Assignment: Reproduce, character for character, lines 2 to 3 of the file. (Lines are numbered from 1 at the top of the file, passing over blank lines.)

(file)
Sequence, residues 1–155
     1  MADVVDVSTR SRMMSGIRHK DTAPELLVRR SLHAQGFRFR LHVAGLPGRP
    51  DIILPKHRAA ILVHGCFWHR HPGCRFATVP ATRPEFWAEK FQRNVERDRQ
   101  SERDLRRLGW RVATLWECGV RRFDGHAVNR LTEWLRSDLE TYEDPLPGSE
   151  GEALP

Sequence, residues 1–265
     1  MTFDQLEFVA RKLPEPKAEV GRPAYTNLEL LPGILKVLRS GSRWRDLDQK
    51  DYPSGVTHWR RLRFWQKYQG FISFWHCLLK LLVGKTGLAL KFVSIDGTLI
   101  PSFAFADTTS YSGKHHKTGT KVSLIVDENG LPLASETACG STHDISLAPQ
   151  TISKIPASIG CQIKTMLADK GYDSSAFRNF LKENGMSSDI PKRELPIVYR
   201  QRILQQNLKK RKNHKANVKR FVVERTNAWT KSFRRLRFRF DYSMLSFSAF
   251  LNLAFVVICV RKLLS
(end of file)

     1  MADVVDVSTR SRMMSGIRHK DTAPELLVRR SLHAQGFRFR LHVAGLPGRP
    51  DIILPKHRAA ILVHGCFWHR HPGCRFATVP ATRPEFWAEK FQRNVERDRQ